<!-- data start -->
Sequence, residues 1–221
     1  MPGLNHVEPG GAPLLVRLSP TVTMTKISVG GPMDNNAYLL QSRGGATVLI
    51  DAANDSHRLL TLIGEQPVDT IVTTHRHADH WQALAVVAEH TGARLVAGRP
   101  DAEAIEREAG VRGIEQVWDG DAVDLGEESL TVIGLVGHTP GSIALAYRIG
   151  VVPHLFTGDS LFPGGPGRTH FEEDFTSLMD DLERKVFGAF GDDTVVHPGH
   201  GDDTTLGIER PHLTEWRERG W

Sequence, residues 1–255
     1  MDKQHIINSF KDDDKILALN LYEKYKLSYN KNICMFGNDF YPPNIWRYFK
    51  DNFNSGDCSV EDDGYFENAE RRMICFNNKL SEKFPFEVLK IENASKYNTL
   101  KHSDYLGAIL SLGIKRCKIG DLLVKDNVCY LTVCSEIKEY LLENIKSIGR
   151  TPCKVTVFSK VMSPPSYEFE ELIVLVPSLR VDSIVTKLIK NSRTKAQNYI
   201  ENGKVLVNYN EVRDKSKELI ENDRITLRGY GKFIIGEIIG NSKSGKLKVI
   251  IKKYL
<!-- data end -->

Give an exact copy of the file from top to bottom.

Sequence, residues 1–221
     1  MPGLNHVEPG GAPLLVRLSP TVTMTKISVG GPMDNNAYLL QSRGGATVLI
    51  DAANDSHRLL TLIGEQPVDT IVTTHRHADH WQALAVVAEH TGARLVAGRP
   101  DAEAIEREAG VRGIEQVWDG DAVDLGEESL TVIGLVGHTP GSIALAYRIG
   151  VVPHLFTGDS LFPGGPGRTH FEEDFTSLMD DLERKVFGAF GDDTVVHPGH
   201  GDDTTLGIER PHLTEWRERG W

Sequence, residues 1–255
     1  MDKQHIINSF KDDDKILALN LYEKYKLSYN KNICMFGNDF YPPNIWRYFK
    51  DNFNSGDCSV EDDGYFENAE RRMICFNNKL SEKFPFEVLK IENASKYNTL
   101  KHSDYLGAIL SLGIKRCKIG DLLVKDNVCY LTVCSEIKEY LLENIKSIGR
   151  TPCKVTVFSK VMSPPSYEFE ELIVLVPSLR VDSIVTKLIK NSRTKAQNYI
   201  ENGKVLVNYN EVRDKSKELI ENDRITLRGY GKFIIGEIIG NSKSGKLKVI
   251  IKKYL